Officials in Frederick, Maryland, are searching for contractors to patch a large and growing sinkhole that opened up last week along Monocacy Boulevard, causing a waterline break and collapsing part of the road.
There is no timeline or estimated costs for the repairs yet, said Tracy Coleman, deputy director of the Department of Public Works for the City of Frederick. Because crews have not yet been able to find the “throat” of the sinkhole, it could still continue to grow, she said.
“It is concerning that, you know, if there’s any heavy rainfall or stormwater runoff, it can continue to erode the soil around the sinkhole area,” Coleman told WTOP.
Coleman said the city has consulted with geotechnical professionals as well as a geologist with the State Highway Administration on different courses of action.
The city is now putting together a scope of work on the project and will solicit bids from contractors on making the repairs and restoring the roadway, she said.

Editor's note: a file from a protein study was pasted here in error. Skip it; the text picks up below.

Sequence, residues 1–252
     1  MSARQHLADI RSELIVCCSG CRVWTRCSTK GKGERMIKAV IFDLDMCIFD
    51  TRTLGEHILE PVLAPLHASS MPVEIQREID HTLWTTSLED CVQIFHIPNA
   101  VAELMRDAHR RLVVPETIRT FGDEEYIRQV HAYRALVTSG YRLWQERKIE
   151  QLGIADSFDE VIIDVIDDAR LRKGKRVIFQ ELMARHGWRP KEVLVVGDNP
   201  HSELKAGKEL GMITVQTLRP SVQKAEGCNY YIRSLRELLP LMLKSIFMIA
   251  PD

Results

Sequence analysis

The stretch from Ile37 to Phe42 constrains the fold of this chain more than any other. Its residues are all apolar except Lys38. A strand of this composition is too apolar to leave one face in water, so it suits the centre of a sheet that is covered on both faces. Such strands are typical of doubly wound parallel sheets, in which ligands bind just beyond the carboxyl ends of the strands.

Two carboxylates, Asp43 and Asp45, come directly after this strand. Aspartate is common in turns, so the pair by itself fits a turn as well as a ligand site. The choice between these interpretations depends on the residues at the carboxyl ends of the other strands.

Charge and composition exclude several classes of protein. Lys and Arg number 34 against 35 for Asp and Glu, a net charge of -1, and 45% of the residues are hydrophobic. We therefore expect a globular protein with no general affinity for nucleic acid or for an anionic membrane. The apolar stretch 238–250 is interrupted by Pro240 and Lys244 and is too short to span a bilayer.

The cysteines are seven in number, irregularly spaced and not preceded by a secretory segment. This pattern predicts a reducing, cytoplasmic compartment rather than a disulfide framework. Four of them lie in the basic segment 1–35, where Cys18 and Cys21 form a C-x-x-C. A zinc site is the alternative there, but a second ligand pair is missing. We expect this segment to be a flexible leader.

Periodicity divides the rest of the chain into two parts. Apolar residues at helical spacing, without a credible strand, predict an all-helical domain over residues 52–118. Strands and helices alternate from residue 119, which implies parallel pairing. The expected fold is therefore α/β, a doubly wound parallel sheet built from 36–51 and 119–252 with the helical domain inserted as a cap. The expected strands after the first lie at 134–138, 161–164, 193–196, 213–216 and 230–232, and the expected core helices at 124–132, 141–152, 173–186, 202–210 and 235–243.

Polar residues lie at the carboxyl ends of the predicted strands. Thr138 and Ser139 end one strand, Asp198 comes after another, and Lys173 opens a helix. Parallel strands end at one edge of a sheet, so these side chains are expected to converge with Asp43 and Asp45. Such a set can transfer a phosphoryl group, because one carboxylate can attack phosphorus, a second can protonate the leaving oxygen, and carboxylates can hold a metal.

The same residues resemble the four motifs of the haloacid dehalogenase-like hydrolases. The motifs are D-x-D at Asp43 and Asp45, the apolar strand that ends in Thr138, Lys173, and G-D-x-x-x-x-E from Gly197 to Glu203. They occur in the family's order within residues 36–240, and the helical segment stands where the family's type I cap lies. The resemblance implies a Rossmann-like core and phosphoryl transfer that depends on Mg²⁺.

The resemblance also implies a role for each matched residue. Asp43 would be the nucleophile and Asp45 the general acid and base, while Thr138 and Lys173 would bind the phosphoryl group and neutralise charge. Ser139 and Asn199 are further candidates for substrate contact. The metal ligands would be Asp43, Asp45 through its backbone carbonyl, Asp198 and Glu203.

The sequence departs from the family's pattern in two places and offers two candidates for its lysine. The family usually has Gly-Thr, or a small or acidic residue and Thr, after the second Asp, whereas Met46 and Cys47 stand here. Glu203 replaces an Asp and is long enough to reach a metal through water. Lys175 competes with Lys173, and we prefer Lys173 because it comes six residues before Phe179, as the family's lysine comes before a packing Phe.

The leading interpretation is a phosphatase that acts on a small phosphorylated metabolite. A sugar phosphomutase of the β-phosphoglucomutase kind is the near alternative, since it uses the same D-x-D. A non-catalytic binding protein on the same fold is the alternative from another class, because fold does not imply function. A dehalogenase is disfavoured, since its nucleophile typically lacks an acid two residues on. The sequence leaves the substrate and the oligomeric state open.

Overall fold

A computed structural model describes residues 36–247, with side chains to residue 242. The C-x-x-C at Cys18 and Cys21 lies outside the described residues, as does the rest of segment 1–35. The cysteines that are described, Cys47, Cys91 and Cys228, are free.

The sinkhole first appeared May 4 in a drainage swale next to the road causing road crews to close one lane on westbound Monocacy Boulevard between South Street and the ramp to U.S. 70.
But over the next few days, the sinkhole grew and eventually caused a waterline break, resulting in the closure of Monocacy Boulevard from U.S. 70 at the new Royal Farms to East South Street.
Coleman said the sinkhole formed under an existing large water main, which eroded support for the main.
“With the weight of the pavement on top and the other soil that was on top of the water main, it was too much for the water main to take, so it broke,” she said.
The rupture of the water main then caused the sinkhole growing even larger, she said.
The waterline break disrupted some water service nearby, which was restored relatively quickly, she said.
The city of Frederick lies over what’s known as Karst terrain, which is prone to developing sinkholes.
Karst terrain is an area of irregular limestone or other carbonate rock that develops voids or fissures underground.
“What happened in this case is there was a lot of surface water that collected in one single area, and it drained through and it basically opened up a void, or it made its way to a void that was underground and just continued to pull the soil that was above into that void,” she said.
WTOP’s Andrew Alsbrooks contributed to this report.